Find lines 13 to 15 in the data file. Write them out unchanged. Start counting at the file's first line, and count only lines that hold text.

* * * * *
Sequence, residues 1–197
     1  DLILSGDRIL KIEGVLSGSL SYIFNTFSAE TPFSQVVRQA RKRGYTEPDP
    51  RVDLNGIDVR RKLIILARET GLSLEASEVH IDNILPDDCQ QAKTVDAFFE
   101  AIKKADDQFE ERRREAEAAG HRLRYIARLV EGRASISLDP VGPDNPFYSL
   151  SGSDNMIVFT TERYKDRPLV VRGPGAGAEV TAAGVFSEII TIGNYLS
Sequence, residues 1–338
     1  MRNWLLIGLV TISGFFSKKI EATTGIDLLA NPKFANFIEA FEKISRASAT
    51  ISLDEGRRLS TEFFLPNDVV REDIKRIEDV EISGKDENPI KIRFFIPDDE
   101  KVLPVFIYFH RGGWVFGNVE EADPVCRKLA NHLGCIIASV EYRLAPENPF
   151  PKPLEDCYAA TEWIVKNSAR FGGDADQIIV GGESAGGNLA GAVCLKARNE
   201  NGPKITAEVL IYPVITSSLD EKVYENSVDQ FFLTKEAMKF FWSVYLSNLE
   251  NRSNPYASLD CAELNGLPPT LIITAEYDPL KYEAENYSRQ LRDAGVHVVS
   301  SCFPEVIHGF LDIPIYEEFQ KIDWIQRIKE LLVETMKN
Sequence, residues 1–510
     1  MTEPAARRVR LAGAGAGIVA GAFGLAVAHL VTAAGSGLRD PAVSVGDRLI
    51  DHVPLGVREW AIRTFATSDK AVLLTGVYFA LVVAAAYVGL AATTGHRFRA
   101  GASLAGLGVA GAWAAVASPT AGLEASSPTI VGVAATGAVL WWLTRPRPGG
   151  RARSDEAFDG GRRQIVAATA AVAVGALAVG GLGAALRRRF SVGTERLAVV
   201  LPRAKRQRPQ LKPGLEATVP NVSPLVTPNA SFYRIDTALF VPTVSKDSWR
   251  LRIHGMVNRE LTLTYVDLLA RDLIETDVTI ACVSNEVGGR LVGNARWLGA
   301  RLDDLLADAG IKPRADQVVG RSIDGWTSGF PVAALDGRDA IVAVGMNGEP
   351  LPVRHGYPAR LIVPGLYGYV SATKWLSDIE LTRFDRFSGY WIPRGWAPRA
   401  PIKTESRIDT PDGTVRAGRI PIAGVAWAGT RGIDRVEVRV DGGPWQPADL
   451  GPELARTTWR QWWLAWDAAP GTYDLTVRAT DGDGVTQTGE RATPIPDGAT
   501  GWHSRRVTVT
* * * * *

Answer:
   301  SCFPEVIHGF LDIPIYEEFQ KIDWIQRIKE LLVETMKN
Sequence, residues 1–510
     1  MTEPAARRVR LAGAGAGIVA GAFGLAVAHL VTAAGSGLRD PAVSVGDRLI